Mitochondrial fractions, relatively free from contamination by other cytoplasmic structures, have been isolated by differential centrifugation from homogenates of brown adipose tissue from starved rats. It was possible in such fractions to distinguish two types of mitochondria in this tissue.
Type I mitochondria, when morphologically intact, are limited by a bilaminar membrane and show regular parallel cristae. In isolated fractions, a proportion of these mitochondria are swollen, vacuolation occurring within the cristae between their limiting membranes.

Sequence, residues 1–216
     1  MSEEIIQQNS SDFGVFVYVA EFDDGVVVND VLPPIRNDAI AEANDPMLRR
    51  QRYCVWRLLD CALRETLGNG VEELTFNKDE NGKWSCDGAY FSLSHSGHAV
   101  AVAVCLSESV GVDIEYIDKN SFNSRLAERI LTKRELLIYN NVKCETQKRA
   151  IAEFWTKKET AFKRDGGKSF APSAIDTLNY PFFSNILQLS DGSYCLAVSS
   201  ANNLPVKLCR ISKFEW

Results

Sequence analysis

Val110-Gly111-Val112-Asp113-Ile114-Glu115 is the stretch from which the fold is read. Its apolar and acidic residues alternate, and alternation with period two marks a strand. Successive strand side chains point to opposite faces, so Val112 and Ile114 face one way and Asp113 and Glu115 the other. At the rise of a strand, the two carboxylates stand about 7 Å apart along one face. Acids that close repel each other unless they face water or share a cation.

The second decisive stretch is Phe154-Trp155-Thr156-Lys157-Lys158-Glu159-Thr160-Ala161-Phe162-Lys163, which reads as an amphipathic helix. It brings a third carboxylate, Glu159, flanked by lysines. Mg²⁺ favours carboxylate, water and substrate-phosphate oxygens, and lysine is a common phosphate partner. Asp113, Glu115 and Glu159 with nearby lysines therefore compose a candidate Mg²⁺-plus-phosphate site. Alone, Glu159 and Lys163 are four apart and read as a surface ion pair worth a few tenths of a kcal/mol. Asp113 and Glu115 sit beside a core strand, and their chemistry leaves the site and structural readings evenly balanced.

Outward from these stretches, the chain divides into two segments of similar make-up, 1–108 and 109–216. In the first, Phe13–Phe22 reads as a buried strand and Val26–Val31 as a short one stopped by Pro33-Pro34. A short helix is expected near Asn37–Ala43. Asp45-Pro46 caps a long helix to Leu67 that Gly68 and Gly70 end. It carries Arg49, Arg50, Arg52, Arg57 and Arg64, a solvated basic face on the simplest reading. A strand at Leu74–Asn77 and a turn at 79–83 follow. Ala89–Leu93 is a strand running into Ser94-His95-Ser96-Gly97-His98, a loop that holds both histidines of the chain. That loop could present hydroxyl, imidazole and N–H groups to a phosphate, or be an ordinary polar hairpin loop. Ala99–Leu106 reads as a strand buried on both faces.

Type II mitochondria are distinguished from the more numerous type I bodies by the opaque appearance of their matrix. They are limited by a membrane which is in part single, and in part double. They show a few, but crisply outlined internal membranes. Vacuolation of this type of mitochondrion has not been observed.
Vacuolation comparable to that in brown fat mitochondria was also observed between the two laminae of the enclosing membrane and within the cristae of liver mitochondria.